An opinion piece from the Colorado Sun on school air quality safety has recently made a splash. If you haven’t already read the piece, please do:
- COVID is airborne and schools need clean air, not just today but for the long haul (especially in light of news that complete herd immunity from COVID-19 is unlikely in America, according to a story from the New York Times – https://www.nytimes.com/2021/05/03/health/covid-herd-immunity-vaccine.html).
- There are literally billions of dollars for schools to make upgrades to indoor air quality, they should invest now using those funds.
- Avoid gimmicks. Follow the science. Filter and ventilate the air.
- Speak with mechanical experts to determine the best setup for your school. (Click here to use Vaniman’s free Air Changes per Hour calculator tool.)
The overall idea from the Sun piece is that Colorado needs to make the indoor air of its schools much safer. They define clean air as “breathing air without harmful pollutants.” As we’ve pointed out regularly, tiny airborne particles (aerosols) can carry transmittable diseases like COVID-19, and also the flu or the measles. Additionally, ozone, toxic chemicals from automotive exhaust, and smoke from wildfires are all serious health threats, and can cause health problems including asthma and allergies.
But, luckily, the same methods that can clean the air of smoke and pollen can also help in cleaning diseases traveling on aerosols.
The federal funding for schools referenced is from the American Rescue Plan, which allocated $130 billion to K-12 schools across the country. The plan specifically encourages using funding to “improve the indoor air quality in school facilities.”
The CDC recommends pulling in as much outdoor air as possible, improving filtration in ventilation systems, and adding portable HEPA in-room air purifiers as the multi-pronged approach to keeping the air clean.
Now — as the opinion piece calls out — renovating an entire HVAC system is unreasonably expensive, so those much-cheaper portable HEPA filtration units are going to be more important than many realize. But there’s a lot of gimmicks on the market today, so please stick to simple, tested-and-proven HEPA filtration.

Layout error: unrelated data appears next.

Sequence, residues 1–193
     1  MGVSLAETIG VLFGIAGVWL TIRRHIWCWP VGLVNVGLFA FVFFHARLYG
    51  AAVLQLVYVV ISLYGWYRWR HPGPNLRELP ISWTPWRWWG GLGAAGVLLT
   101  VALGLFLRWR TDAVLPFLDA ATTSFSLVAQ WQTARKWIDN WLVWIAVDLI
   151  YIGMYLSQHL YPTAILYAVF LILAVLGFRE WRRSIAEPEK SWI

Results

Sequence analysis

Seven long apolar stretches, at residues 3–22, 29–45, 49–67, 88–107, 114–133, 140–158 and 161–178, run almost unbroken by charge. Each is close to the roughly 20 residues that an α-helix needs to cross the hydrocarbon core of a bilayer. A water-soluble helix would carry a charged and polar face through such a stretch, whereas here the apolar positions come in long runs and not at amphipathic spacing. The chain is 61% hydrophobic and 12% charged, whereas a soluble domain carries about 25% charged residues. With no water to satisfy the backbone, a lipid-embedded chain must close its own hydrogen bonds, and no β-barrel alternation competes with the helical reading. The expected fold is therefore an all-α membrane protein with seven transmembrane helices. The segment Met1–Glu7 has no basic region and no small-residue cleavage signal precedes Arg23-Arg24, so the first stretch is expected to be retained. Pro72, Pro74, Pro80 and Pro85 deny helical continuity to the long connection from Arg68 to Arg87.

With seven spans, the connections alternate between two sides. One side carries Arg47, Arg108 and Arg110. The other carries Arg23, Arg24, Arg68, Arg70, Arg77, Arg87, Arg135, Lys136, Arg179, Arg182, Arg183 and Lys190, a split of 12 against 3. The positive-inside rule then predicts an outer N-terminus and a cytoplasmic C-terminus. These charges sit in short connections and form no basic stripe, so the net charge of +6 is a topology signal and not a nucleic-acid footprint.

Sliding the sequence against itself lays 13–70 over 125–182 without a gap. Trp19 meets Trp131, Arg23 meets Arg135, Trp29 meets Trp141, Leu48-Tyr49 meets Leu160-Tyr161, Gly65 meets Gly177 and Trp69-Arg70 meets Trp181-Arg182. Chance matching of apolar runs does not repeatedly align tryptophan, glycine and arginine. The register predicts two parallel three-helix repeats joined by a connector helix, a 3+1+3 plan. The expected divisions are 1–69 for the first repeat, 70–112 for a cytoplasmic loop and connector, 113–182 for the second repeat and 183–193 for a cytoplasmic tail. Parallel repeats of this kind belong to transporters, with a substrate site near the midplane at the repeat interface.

The authors of the piece warn: “Stay away from worthless — or even dangerous — add-ons to filtration like bipolar ionization, hydroxyl or ozone generators, and fumigation with disinfectants. Instead, simple building ventilation and portable filtration strategies make air safer not only from airborne diseases, but also from air pollution.”
This is where we need to point out the authority that this statement comes from. The authors of this opinion piece are three well-regarded aerosol scientists from major Denver-area universities. Alex Huffman is an associate professor of chemistry at the University of Denver; Delphine Farmer is an associate professor of chemistry at Colorado State University; and Marina Vance is an assistant professor of mechanical engineering at the University of Colorado Boulder. These are all leading researchers who study aerosols and the air we breathe.
As the authors point out: “simple building ventilation and portable filtration strategies make air safer not only from airborne diseases, but also from air pollution…The same, crucial investments in indoor air quality can dramatically improve health for students, teachers, and school staff for the rest of this pandemic and the next generation.”
Please read the opinion piece in the Colorado Sun:
Of course, this opinion piece appeared in the Colorado Sun and they reference Colorado schools, but the message really applies to schools everywhere.
Next steps for schools?
If you want to get the right type of filtration device for your school, you need to get HEPA filtration with:
- CADR to meet the recommended ACH
- Steel encasing (for durability)
- Easy access to replace the filters
- Sound dampening foam to keep it quiet during class (56 dB or less on high speed)
- Prohibit bipolar ionization and other gimmicky bells and whistles
We encourage students, teachers, and the community to engage with district administrators and encourage them to leverage funds to support both the immediate and long-term health of students and staff.